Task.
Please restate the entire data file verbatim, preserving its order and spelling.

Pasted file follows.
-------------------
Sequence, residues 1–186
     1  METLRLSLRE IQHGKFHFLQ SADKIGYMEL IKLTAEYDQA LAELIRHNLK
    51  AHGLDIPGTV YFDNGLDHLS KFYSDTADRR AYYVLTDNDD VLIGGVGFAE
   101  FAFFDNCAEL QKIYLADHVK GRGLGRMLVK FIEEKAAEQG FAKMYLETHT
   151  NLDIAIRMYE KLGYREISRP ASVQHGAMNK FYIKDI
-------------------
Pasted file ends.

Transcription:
Sequence, residues 1–186
     1  METLRLSLRE IQHGKFHFLQ SADKIGYMEL IKLTAEYDQA LAELIRHNLK
    51  AHGLDIPGTV YFDNGLDHLS KFYSDTADRR AYYVLTDNDD VLIGGVGFAE
   101  FAFFDNCAEL QKIYLADHVK GRGLGRMLVK FIEEKAAEQG FAKMYLETHT
   151  NLDIAIRMYE KLGYREISRP ASVQHGAMNK FYIKDI